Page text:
Joseph Dunford Nominated as Next Marine Commandant
Barring shocking developments, General Joe Dunford will be the 36th Commandant of the Marine Corps.
Defense One (“Obama Picks Dunford as Next Marine Corps Commandant“):
Gen. Joseph Dunford, the top U.S. military commander in Afghanistan, has been nominated by the president to be the next commandant of the Marine Corps.
The nomination—subject to confirmation by the Senate—leaves open the question of who will take command of the roughly 50,000 U.S. and NATO troops in Afghanistan during a pivotal year as the 13-year war comes to an end.
In a statement, Marine Commandant Gen. James Amos called Dunford “one of the most knowledgeable and talented leaders and thinkers in the military today. He has commanded and excelled at every level.” He called Dunford’s service in Afghanistan” extraordinary and is testament to the full measure of the man. Our country and our Marine Corps will benefit greatly from his continued service.”
As an infantryman, he’s a more traditional choice than Amos, the first aviator to serve as commandant. Before taking over ISAF, Dunford was Amos’ Deputy Commandant, so he’ll have no trouble hitting the ground running in his new role. Dunford has only been in charge of ISAF since June of last year. Aside from an exemplary record as a Marine officer, he holds impressive academic credentials:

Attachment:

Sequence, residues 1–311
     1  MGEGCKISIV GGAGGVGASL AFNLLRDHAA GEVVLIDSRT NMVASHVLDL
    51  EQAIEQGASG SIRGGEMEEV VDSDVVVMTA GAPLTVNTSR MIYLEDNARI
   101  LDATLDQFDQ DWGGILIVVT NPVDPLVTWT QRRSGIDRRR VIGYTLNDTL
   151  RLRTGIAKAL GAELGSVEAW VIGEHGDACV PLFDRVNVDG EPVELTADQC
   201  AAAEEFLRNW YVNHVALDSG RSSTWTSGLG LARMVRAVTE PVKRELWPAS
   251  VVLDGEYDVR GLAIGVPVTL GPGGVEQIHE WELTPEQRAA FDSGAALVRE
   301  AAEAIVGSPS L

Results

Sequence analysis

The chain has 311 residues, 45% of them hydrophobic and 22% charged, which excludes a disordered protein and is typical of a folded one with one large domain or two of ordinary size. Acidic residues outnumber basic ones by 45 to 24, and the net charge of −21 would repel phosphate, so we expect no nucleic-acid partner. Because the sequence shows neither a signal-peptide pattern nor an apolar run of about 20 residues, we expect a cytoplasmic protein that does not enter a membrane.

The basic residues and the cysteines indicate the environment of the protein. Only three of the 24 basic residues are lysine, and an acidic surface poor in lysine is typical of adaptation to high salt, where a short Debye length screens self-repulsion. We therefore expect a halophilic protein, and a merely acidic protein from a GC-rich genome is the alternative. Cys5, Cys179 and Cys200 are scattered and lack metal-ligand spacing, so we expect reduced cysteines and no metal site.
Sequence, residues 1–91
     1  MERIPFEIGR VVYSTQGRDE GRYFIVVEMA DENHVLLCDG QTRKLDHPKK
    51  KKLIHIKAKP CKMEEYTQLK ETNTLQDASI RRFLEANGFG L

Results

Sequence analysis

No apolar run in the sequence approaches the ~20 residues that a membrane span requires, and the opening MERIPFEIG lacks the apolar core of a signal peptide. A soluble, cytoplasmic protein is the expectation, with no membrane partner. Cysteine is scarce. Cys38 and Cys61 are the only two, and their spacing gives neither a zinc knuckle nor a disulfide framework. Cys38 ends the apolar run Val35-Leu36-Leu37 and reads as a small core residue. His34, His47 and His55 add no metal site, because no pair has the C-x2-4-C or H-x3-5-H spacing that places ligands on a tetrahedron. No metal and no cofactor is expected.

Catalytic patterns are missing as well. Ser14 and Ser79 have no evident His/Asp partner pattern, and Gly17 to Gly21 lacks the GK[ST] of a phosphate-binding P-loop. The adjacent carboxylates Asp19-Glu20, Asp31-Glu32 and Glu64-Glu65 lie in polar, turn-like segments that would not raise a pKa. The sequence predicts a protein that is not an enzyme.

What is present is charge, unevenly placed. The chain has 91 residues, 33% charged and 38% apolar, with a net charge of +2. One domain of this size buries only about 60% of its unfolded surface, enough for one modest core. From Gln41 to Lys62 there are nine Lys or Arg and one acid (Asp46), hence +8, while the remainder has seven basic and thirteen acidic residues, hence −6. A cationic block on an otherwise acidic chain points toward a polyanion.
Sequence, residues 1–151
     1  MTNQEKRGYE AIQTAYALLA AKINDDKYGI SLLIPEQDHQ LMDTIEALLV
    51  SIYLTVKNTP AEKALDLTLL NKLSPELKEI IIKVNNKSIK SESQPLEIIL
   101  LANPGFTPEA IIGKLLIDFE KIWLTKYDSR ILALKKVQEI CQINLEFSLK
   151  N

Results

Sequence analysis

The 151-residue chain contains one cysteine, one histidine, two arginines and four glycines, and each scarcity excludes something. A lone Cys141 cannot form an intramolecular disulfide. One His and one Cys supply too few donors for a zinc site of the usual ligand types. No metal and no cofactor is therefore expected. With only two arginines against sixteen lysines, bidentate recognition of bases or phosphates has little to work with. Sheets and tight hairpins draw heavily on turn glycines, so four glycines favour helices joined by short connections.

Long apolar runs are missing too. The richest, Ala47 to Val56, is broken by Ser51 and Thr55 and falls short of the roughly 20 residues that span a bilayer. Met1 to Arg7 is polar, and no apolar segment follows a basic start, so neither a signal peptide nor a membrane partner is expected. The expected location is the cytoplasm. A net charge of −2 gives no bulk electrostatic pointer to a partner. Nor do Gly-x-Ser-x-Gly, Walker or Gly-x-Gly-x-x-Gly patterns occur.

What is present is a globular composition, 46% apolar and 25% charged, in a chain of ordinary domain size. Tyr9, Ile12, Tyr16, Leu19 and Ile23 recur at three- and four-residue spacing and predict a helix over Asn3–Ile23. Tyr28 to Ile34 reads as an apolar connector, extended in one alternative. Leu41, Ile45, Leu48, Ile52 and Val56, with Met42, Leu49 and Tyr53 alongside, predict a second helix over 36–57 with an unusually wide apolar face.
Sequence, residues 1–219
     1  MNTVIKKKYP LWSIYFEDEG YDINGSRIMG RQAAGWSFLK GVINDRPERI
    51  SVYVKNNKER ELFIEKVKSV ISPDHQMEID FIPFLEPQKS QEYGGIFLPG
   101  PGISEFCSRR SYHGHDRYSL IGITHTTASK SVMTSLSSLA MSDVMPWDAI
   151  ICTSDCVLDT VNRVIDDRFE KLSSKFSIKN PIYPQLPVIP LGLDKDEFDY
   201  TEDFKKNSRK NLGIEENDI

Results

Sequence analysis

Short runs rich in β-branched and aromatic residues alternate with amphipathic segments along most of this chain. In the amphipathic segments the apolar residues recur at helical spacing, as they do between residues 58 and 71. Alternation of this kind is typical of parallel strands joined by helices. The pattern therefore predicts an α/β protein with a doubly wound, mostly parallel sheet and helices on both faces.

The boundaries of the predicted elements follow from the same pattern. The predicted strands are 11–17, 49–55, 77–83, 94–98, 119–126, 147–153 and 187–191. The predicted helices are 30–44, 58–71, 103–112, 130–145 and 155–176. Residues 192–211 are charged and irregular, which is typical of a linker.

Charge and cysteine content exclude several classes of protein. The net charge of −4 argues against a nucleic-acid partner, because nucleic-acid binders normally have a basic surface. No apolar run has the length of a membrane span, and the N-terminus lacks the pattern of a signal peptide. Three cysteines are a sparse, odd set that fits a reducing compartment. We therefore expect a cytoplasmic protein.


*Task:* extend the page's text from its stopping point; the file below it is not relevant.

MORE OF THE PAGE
Dunford earned his undergraduate from St. Michael’s College and was commissioned into the Marine Corps in 1977. He holds an M.A. in International Relations from the Fletcher School of Law and Diplomacy as well as an M.A. in Government from Georgetown University.
Dunford will take over at a tumultuous time for the Corps, which is in the process of shrinking from its post-9/11 expansion and struggling to get back to its expeditionary roots.
Amos has been a controversial Commandant, not only because of kerfuffles over unlawful command influence in sexual harassment cases and trying to punish the Marine Corps Times for some unflattering pieces but because his not unreasonable attempts to tighten up discipline in the wake of a dozen years of deployment have rubbed a lot of Marines, the officer corps in particular, the wrong way. While I have no doubt that standards grew somewhat lax during wartime—they always do—Amos often gave the impression that he believed Marine leaders weren’t doing their jobs. Given that they were busy leading Marines through two major wars, that’s rather insulting.